Carbon emissions in Ireland ‘to drop 9.5% this year’ due to coronavirus slowdown

Separate analysis concludes Irish GDP is expected to decrease by about 13% in 2020

Based on current trajectories, Ireland will fail to meet key 2030 targets on reducing CO2, according to an ESRI analysis. Photograph: iStock

Based on current trajectories, Ireland will fail to meet key 2030 targets on reducing CO2, according to an ESRI analysis. Photograph: iStock

Your Web Browser may be out of date. If you are using Internet Explorer 9, 10 or 11 our Audio player will not work properly.
For a better experience use Google Chrome, Firefox or Microsoft Edge.

 

Economy-wide CO2 emissions are expected to decrease by 9.5 per cent this year arising from the coronavirus pandemic, according to analysis by the Economic and Social Research Institute (ESRI).

However, it warns “this reduction is short-lived as the low current energy prices increase energy demand and emissions rise again in 2021”. Based on current trajectories, Ireland will fail to meet key 2030 targets on reducing CO2, it adds.

In a separate economic analysis it concludes Irish GDP is expected to decrease by about 13 per cent in 2020 as a result of economic disruptions caused by the coronavirus crisis. With stimulus measures, “household disposable income will decrease by 8 per cent on average, where rural households are still hit the hardest”, the ESRI predicts.

The results come from research applying the ESRI’s environment, energy and economy model for Ireland known as 13E.

Financial crash

This study incorporates recent changes in the structure of the economy due to Covid-19 and recent international energy price movements. The model considers different production sectors, carbon inputs and emissions.

The 9.5 per cent annual cut in emissions is the largest since the 2008 financial crash. Other predictions by climate scientists suggest a short-lived cut of 6 to 7 per cent was likely this year. The new Government target is a yearly reduction of 7 per cent averaged up to 2030.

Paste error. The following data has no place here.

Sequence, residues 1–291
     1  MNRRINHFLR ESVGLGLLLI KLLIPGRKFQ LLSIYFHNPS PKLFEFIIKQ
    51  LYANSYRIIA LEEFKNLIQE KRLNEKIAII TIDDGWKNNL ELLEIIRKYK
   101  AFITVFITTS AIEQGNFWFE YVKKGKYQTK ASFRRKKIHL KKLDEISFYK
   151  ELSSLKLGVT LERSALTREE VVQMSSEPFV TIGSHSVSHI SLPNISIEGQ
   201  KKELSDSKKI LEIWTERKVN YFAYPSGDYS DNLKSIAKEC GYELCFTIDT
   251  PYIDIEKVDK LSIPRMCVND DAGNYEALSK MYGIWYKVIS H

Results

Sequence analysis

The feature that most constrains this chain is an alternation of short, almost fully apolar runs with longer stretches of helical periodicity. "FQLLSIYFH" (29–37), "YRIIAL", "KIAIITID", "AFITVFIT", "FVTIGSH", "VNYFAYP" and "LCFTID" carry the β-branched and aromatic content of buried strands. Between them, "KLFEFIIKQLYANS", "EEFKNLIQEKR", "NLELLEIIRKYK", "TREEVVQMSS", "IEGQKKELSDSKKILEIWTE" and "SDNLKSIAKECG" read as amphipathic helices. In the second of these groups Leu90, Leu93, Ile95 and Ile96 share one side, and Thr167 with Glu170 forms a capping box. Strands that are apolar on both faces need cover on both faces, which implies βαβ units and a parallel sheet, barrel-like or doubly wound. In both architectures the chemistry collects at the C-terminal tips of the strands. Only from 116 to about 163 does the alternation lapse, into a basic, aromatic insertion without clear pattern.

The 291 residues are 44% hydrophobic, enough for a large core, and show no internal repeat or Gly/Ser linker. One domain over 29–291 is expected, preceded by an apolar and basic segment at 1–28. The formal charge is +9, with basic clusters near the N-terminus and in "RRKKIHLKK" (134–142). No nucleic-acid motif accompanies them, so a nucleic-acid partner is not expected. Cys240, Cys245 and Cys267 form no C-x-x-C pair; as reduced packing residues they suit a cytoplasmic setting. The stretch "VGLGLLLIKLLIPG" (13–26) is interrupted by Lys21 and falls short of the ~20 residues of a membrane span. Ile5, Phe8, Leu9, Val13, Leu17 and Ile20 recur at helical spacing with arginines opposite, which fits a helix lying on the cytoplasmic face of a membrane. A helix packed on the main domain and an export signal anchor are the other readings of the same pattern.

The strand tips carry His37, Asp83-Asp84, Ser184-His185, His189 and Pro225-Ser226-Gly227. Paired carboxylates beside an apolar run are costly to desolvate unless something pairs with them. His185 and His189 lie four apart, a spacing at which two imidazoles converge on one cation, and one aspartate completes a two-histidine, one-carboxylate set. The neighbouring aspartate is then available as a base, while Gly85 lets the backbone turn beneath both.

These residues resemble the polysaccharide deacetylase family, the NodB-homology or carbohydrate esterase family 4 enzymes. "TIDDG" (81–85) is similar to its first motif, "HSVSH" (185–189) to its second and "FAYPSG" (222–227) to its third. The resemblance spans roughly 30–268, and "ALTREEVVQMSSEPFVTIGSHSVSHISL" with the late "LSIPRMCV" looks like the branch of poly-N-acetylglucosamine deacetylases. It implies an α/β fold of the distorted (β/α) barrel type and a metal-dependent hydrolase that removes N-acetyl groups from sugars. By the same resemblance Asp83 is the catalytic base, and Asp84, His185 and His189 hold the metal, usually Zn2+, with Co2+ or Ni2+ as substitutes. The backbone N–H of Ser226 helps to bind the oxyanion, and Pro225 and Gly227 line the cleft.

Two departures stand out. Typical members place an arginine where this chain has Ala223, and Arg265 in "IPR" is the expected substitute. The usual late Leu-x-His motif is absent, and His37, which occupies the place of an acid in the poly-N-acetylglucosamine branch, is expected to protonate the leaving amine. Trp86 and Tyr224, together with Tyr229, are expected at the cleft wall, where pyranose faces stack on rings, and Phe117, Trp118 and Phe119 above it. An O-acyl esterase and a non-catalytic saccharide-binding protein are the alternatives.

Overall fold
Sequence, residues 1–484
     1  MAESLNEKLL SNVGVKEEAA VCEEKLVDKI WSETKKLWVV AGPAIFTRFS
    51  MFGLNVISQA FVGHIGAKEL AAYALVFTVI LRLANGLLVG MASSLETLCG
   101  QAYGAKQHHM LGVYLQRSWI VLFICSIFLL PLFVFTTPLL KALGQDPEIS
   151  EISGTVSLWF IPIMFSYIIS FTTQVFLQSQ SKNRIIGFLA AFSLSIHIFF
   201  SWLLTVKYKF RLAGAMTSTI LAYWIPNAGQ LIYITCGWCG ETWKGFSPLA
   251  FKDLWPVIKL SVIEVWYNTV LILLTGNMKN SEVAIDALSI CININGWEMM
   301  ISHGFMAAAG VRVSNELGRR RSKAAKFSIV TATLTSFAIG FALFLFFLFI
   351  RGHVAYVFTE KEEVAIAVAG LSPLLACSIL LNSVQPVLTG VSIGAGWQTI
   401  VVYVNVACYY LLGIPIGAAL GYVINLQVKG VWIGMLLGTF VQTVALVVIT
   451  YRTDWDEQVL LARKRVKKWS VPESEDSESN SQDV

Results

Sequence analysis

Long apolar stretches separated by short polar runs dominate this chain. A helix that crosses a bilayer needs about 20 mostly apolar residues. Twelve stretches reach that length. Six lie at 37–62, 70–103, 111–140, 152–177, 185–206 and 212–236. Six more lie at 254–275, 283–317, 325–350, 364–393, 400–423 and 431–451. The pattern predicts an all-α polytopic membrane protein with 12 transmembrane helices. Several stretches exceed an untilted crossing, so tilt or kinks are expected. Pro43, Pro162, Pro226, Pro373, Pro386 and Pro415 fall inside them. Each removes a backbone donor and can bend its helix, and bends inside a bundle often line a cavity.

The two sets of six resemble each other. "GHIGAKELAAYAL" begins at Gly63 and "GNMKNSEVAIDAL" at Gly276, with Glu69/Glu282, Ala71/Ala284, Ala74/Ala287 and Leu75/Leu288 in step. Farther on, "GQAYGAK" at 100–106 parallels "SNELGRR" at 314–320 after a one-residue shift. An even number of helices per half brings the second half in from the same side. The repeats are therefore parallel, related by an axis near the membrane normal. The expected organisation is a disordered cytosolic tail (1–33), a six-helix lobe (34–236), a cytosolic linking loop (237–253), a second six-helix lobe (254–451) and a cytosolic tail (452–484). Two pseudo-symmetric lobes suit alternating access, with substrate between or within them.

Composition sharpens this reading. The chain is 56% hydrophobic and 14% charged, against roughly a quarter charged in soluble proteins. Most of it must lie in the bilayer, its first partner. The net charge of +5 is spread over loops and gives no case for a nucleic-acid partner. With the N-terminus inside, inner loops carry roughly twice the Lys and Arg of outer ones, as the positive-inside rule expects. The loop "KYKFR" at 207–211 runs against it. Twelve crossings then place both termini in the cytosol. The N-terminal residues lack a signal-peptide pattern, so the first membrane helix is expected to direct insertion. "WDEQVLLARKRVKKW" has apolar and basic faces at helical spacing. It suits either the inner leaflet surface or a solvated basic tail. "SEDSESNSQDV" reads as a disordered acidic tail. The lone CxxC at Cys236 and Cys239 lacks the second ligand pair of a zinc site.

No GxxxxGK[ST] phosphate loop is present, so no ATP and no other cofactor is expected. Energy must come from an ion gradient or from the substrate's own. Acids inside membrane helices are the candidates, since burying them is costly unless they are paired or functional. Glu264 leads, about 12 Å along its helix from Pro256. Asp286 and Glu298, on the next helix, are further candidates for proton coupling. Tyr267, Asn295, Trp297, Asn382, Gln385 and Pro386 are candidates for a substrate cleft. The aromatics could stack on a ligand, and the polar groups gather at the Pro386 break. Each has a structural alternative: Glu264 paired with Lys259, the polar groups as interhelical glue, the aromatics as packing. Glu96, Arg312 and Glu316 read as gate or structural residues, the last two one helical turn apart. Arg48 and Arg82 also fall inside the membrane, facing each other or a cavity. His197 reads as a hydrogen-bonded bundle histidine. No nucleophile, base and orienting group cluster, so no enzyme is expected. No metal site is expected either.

Though initially emissions will fall due to the economic downturn, in the medium-to-long term lower energy prices will lead to an increase in energy demand, and hence an increase in emissions as restrictions are lifted, the ESRI said. “This will lead to a failure to meet the Irish EU legally-binding emissions targets in 2030.”

Report co-author Dr Kelly de Bruin said “though the economic impacts of the Covid crisis are severe . . . we do not expect large emissions reduction as seen during the financial crisis of 2008.

Environmental challenges

“Ireland would still need to put in considerable effort to reach its EU emission goals. The results underline the importance of having a well-designed Government response policy package, which considers the unique economic and environmental challenges presented by the Covid-19 crisis.”

The research, funded by the Department of Communications, Climate Action and the Environment, examines the coronavirus-related production shutdown in specific sectors, changes in consumption habits due to restrictions, declining labour force participation, trade impacts and the Government’s initial response.

“Each of these changes impacts the economy, where it is found that the largest impact comes from the production side. This work assumes that the economic structure of the Irish economy will recover in 2021,” the report said.